That could worsen now, with so many public stories of threats and harassment, lingering burnout and poor mental health effects still to come. Nearly two-thirds of local health departments in the United States are in small or rural communities, according to data from NACCHO, where staffs are comprised of fewer people and recruiting new administrators is likely to be particularly difficult.
“It’s not easy to rebuild leadership in a health department,” Freeman said. “They don't have a bench or a deputy to draw from to create succession planning. It’s a leadership loss, and it’s personal, because these people have been working their hearts out. It’s also tragic for the communities, because it’s hard to replace that leadership.”
Amid the backlash and the ongoing pandemic, even officials in the public health field have struggled to muster encouragement for potential job candidates. Earlier this year, Kriesel said, a state health staffer called to ask for advice on what to tell someone who was considering a local health officer position.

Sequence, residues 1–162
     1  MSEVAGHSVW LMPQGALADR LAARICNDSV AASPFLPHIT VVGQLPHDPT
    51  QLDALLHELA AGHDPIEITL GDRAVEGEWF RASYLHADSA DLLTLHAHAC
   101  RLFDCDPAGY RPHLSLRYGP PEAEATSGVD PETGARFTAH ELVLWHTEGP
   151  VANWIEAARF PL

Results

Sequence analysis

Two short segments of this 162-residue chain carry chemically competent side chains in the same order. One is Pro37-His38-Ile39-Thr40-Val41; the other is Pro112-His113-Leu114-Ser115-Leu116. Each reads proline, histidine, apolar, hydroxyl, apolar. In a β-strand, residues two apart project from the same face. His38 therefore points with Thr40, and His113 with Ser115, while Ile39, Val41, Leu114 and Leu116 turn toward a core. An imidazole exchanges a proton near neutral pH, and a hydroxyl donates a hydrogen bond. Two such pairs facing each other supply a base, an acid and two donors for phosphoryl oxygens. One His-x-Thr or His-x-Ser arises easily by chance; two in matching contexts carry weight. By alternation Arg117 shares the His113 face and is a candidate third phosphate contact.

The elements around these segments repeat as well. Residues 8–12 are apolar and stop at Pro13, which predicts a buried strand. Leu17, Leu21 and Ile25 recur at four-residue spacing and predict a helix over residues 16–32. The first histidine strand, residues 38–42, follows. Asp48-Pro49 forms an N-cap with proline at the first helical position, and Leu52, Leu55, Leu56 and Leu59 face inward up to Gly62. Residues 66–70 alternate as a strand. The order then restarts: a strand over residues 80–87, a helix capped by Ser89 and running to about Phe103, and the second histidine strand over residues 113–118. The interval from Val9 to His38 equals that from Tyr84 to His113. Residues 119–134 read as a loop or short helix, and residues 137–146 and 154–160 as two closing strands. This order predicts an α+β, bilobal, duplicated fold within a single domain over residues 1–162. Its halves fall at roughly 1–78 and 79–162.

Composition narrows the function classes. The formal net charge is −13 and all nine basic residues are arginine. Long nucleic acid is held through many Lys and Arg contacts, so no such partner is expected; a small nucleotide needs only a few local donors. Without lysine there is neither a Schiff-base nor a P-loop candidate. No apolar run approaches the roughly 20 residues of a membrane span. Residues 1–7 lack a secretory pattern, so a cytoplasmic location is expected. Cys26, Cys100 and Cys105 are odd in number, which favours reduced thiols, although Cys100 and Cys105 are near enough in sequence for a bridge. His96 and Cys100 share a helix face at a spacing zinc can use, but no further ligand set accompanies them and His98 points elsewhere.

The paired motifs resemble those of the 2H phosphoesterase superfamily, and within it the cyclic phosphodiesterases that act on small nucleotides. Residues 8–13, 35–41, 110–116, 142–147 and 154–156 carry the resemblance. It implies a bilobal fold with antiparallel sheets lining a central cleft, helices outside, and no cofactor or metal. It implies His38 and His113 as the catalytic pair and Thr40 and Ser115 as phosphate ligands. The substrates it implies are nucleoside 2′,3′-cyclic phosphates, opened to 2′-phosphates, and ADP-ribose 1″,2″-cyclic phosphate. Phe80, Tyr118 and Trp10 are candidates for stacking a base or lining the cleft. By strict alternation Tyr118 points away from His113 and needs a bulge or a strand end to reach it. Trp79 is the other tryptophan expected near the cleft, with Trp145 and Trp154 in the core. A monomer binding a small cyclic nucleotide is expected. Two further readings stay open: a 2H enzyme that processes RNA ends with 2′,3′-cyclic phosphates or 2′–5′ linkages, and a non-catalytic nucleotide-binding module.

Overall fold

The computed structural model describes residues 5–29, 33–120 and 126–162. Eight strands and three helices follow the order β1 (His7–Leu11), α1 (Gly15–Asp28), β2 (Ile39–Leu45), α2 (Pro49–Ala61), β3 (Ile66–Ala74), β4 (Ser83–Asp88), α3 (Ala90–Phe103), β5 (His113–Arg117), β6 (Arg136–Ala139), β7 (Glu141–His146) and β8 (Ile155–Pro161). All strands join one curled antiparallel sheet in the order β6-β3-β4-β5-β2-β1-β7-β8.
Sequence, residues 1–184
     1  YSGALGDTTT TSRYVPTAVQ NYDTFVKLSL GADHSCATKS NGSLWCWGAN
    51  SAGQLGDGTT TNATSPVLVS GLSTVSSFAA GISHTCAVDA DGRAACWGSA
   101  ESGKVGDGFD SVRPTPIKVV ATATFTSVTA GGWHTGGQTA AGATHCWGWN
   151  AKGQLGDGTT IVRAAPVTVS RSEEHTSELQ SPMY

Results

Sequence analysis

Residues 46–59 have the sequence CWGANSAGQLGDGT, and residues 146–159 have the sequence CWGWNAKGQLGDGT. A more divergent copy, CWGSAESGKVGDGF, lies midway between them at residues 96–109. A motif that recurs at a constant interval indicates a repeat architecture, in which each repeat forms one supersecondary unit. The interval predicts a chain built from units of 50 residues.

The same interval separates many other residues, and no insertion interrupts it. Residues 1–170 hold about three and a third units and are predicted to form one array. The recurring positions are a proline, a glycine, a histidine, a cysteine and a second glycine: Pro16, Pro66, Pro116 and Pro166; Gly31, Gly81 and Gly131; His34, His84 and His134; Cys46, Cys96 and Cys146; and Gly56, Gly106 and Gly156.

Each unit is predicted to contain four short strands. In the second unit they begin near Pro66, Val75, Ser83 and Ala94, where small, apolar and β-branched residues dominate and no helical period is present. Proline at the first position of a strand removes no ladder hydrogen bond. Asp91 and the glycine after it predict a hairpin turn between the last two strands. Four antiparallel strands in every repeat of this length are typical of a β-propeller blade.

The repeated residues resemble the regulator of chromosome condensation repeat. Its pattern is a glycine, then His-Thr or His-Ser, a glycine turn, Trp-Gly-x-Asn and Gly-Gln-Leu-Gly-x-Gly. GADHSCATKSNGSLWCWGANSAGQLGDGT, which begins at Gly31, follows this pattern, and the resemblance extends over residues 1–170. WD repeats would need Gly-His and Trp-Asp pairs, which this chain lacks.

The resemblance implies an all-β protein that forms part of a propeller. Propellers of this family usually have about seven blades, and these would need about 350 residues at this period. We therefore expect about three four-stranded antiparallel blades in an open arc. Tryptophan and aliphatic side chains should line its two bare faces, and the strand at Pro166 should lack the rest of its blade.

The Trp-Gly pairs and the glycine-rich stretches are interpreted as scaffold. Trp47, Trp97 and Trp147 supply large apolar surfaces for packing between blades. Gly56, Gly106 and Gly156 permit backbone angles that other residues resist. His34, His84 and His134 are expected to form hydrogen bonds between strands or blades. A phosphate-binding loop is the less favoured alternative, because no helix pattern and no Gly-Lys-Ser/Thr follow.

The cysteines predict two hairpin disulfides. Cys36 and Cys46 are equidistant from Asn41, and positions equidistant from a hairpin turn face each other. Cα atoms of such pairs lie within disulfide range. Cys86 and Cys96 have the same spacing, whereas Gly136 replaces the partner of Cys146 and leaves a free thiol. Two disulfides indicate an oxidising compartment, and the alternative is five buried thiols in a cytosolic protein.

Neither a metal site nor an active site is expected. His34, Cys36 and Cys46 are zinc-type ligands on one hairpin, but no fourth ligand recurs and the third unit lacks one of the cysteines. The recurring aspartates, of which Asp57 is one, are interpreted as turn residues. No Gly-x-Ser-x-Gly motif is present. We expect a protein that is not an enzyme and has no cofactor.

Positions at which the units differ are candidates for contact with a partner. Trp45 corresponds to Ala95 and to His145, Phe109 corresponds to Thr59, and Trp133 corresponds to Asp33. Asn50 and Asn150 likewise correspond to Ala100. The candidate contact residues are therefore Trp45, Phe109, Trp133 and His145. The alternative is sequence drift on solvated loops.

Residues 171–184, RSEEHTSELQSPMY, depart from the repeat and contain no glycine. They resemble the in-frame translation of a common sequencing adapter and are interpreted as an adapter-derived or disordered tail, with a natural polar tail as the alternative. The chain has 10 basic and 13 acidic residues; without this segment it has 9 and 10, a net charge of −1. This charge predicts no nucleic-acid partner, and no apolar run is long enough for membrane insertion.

“I told her, ‘If someone called me and asked me, I’d tell them not to do it,’” he said. “Because there’s no upside right now. Every decision will be criticized, by people who do not understand the field, and you will probably face some level of harassment. I could not envision a scenario where it would be worth it to an individual.”
But others are more optimistic. Public health has been integrated into mainstream medical school curriculum in recent years, Huang said, and the real-life experience of the pandemic could help motivate students to consider it as a viable career option.
“Public health isn’t a glamorous area or anything, but this past year has certainly shown everyone how important it is,” he said. “I think people now can understand and see how this affects everyone. I’m hopeful that it will attract those people who are wanting to do something meaningful and worthwhile, because that’s what it is. That’s what I love about the job—what you’re doing is so important.”
McKenney agreed. The upside of her very public battles with elected officials and residents, she said, was an outpouring of support, including some from medical students who said her story influenced their decision to pursue public health as a career.
“That’s been kind of cool to watch, because they’re the ones reaching out saying, ‘I see what you’re doing. I want to fight like you fought, I want to do what you do,’” she said. “I am seeing interest in public health on the medical side of things, and that’s exciting.”
Kate Elizabeth Queram is a senior reporter for Route Fifty and is based in Washington, D.C.